An Australasian Darter (Anhinga novaehollandiae, here referred to by the obsolete synonym: Plotus novae-hollandiae) is perched on the branch of a fallen tree with marshland and hills in the background. The author describes this bird as follows:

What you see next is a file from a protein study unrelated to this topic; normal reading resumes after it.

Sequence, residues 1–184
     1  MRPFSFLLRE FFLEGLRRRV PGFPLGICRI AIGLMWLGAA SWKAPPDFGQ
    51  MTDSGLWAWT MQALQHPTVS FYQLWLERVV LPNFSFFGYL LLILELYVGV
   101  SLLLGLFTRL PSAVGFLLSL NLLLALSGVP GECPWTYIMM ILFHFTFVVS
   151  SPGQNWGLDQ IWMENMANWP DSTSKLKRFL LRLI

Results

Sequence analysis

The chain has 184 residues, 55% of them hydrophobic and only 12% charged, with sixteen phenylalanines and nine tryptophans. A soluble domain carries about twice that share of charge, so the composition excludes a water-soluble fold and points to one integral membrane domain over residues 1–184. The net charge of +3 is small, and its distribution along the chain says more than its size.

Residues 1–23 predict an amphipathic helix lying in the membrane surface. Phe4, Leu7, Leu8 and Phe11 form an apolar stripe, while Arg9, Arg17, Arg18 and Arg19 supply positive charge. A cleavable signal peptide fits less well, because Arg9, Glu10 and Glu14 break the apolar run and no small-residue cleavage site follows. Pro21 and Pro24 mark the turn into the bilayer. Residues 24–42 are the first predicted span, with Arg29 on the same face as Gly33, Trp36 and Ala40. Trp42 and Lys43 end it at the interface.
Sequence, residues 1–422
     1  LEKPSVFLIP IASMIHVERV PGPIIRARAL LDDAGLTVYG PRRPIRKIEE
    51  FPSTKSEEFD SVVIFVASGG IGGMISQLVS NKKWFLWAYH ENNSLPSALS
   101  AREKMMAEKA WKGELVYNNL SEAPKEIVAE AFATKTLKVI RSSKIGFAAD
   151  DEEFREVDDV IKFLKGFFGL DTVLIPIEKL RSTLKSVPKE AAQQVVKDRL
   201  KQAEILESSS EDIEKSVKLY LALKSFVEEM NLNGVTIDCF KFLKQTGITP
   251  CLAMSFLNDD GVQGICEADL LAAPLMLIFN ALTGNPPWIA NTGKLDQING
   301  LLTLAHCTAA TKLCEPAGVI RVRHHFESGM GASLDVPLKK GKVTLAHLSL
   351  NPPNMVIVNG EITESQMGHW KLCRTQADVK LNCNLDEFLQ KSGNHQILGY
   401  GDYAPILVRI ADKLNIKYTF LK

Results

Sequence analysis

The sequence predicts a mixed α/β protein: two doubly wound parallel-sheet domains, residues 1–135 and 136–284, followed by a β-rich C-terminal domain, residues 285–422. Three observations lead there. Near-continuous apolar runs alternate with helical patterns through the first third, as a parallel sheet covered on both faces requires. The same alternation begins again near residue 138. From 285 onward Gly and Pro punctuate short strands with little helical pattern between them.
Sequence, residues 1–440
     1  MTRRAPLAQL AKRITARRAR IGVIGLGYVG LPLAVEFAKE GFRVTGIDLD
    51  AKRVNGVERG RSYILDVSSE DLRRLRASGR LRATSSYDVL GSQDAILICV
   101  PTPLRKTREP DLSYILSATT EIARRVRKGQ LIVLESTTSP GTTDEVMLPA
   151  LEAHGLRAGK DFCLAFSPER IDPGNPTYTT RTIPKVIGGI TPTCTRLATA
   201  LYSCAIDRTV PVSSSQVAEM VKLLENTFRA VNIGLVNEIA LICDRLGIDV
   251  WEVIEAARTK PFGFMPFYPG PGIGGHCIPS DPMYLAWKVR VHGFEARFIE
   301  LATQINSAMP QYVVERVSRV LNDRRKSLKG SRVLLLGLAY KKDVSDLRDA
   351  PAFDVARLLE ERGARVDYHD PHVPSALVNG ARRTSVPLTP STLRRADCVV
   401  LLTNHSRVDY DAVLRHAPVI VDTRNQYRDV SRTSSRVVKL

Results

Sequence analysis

When on the lower limbs near the water it is always on the alert, and usually sees its enemy before it is seen by him. Then it drops into the water like a stone, and, once there, in its favorite element, defies pursuit, Here its greatest peculiarity is seen: never swimming with much of the body exposed; when its safety is threatened the body sinks below the surface altogether, and nothing is to be seen but the slender neck wriggling swiftly and silently towards shelter. When first seen swimming thus, the Darter is almost invariably taken by the inexperienced for a snake.